ARABIC LANGUAGE ACQUISITION WORLDWIDE
WE OFFER ARABIC LANGUAGE TRAINING, COURSES & CULTURAL IMMERSION IN THE FOLLOWING LOCATIONS:
:: ARABIC language acquisition in BAHRAIN
:: ARABIC language acquisition in JORDAN
:: ARABIC language acquisition in ISRAEL
:: ARABIC language acquisition in KUWAIT
:: ARABIC language acquisition in LEBANON
:: ARABIC language acquisition in OMAN
:: ARABIC language acquisition in QATAR
:: ARABIC language acquisition in SAUDI ARABIA
:: ARABIC language acquisition in SYRIA
:: ARABIC language acquisition in UNITED ARAB EMIRATES
:: ARABIC language acquisition in YEMEN
:: ARABIC language acquisition in EGYPT
:: ARABIC language acquisition in MOROCCO
:: ARABIC language acquisition in TUNISIA
:: ARABIC language acquisition in SENEGAL
:: ARABIC language acquisition in UNITED KINGDOM
:: ARABIC language acquisition in CANADA
:: ARABIC language acquisition in USA
Classical Arabic is the language of the Qur'an. Arabic is closely associated with the religion of Islam because the Quran is written in the language, which is nevertheless also spoken by Arab Christians, Mizrahi Jews and Iraqi Mandaeans.
Most of the world's Muslims do not speak Arabic as their native language but many can read the Quranic script and recite the Qur'an. Among Non-Arab Muslims, translations of the Qur'an are most often accompanied by the original text.
ARABIC DIALECTS & DESCENDANTS
Colloquial Arabic is a collective term for the spoken varieties of Arabic used throughout the Arab world, which differ radically from the literary language. The main dialectal division is between the North African dialects and those of the Middle East, followed by that between sedentary dialects and the much more conservative Bedouin dialects.
Speakers of some of these dialects are unable to converse with speakers of another dialect of Arabic. In particular, while Middle Easterners can generally understand one another, they often have trouble understanding North Africans (although the converse is not true, in part due to the popularity of Middle Eastern, especially Egyptian, films and other media).
The major dialect groups are:
Egyptian Arabic, spoken by around 80 million in Egypt. It is one of the most understood varieties of Arabic, due in large part to the widespread distribution of Egyptian films and television shows throughout the Arabic speaking world. Closely related varieties are also spoken in Sudan.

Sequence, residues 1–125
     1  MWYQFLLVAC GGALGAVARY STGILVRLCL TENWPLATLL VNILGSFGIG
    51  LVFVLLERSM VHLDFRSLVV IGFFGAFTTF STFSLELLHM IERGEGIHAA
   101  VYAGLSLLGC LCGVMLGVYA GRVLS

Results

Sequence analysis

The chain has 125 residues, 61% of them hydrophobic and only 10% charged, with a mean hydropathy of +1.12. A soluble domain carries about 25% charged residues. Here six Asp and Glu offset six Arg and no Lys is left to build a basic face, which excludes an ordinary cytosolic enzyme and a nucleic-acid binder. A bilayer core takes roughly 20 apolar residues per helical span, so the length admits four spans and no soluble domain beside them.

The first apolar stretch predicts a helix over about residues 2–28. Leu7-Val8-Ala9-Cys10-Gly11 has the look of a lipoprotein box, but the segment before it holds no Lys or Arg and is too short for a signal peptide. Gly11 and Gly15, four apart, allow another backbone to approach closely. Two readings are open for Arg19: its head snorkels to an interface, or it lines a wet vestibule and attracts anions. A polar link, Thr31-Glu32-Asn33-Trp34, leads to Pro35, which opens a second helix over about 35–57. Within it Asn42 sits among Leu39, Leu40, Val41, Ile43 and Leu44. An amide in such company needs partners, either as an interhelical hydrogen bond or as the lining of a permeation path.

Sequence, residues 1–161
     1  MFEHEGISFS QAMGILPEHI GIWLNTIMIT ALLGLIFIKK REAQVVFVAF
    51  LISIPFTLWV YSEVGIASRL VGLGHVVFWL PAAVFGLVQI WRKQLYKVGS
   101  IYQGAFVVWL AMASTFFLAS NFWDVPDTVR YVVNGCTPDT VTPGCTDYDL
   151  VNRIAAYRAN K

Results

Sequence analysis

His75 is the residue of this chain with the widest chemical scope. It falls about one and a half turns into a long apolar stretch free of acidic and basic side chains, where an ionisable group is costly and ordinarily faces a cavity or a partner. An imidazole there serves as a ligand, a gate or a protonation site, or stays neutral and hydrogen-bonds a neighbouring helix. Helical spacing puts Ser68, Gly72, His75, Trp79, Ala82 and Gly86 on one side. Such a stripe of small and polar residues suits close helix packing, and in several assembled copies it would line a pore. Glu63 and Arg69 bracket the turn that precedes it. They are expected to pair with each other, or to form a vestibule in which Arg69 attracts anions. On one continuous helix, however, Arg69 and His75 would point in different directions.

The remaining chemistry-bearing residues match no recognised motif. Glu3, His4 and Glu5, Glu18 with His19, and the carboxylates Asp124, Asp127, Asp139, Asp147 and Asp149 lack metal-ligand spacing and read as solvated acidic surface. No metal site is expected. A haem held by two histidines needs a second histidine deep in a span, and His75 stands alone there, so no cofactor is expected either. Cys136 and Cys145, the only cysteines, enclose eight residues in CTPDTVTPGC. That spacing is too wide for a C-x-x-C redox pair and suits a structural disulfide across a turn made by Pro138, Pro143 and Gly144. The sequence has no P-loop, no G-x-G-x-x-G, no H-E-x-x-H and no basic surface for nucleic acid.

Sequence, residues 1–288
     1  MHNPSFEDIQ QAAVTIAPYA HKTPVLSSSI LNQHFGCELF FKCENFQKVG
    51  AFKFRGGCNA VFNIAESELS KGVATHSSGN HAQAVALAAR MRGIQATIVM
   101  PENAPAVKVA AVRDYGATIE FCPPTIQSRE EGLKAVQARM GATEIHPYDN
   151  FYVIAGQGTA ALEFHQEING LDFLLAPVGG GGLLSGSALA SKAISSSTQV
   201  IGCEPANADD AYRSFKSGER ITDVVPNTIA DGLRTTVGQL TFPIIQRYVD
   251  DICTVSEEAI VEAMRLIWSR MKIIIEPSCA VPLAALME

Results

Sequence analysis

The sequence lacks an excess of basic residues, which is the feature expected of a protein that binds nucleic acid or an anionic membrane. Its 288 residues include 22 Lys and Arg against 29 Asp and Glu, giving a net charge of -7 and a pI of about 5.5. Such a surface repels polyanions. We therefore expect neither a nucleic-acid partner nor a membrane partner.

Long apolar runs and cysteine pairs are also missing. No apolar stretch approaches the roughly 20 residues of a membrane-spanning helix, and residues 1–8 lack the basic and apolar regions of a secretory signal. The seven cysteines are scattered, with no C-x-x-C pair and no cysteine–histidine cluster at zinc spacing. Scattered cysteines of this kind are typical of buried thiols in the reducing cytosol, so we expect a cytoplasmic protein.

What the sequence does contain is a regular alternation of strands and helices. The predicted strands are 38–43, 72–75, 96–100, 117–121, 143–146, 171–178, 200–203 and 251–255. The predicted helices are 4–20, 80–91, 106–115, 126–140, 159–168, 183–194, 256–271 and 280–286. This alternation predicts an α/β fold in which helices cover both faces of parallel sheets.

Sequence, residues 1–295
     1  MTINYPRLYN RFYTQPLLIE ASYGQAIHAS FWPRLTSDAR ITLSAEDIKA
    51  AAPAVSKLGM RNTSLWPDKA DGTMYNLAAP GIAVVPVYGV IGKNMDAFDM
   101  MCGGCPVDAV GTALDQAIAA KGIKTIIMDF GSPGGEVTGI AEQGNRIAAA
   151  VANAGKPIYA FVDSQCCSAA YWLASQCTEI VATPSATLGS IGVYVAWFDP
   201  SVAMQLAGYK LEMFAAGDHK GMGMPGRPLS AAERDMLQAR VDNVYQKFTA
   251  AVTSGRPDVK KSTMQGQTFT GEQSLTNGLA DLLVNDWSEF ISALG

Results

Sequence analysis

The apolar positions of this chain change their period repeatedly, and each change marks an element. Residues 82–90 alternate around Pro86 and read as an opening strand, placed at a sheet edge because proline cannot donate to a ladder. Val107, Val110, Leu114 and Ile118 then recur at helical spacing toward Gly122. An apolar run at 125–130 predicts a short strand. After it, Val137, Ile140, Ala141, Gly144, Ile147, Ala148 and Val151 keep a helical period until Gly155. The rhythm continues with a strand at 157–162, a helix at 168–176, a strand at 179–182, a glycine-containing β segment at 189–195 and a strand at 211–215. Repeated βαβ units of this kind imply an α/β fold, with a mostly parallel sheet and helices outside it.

Maghrebi Arabic includes Moroccan Arabic, Algerian Arabic, Saharan Arabic, Tunisian Arabic, and Libyan Arabic, and is spoken by around 75 million North Africans in Morocco, Western Sahara, Algeria, Tunisia, Libya, Niger, and western Egypt; it is often difficult for speakers of Middle Eastern Arabic varieties to understand. The Berber influence in these dialects varies in degree.
Levantine Arabic includes North Levantine Arabic, South Levantine Arabic, and Cypriot Arabic. It is spoken by almost 35 million people in Lebanon, Syria, Jordan, The Palestinian territories, Israel, Cyprus, and Turkey. It is also called Mediterranean Arabic.
Iraqi Arabic, spoken by about 29 million people, with significant differences between the Arabian-like dialects of the south and the more conservative dialects of the north. Closely related varieties are also spoken in Iran, Syria, and Turkey.
North Mesopotamian Arabic
Spoken by around 7 million people in northern Iraq, northern Syria and southern Turkey.
Gulf Arabic (Khaliji Arabic), spoken by around 4 million people in Saudi Arabia, United Arab Emirates, Sultanate of Oman, Yemen, Qatar, Bahrain, Kuwait.
Other varieties include:
Yemeni Arabic, spoken in Yemen, southern Saudi Arabia, Djibouti, and Somalia.
Sudanese Arabic (19 million speakers), spoken in Sudan
Najdi Arabic (9.9 million speakers), spoken in Nejd, central Saudi Arabia
Hejazi Arabic (6 million speakers), spoken in Hejaz, western Saudi Arabia
Hassaniya Arabic (2,8 million speakers), spoken in Mauritania, some parts of Mali and Western Sahara
Shuwa Arabic (900,000 speakers), spoken in Chad, Cameroon, Niger, Nigeria, and Sudan
Bahrani Arabic (310,000 speakers), spoken by Bahrani Shia in Bahrain, where it exhibits some differences from Bahraini Arabic. It is also spoken to a lesser extent in Oman.
Central Asian Arabic, spoken in Uzbekistan, Tajikistan and Afghanistan, is highly endangered.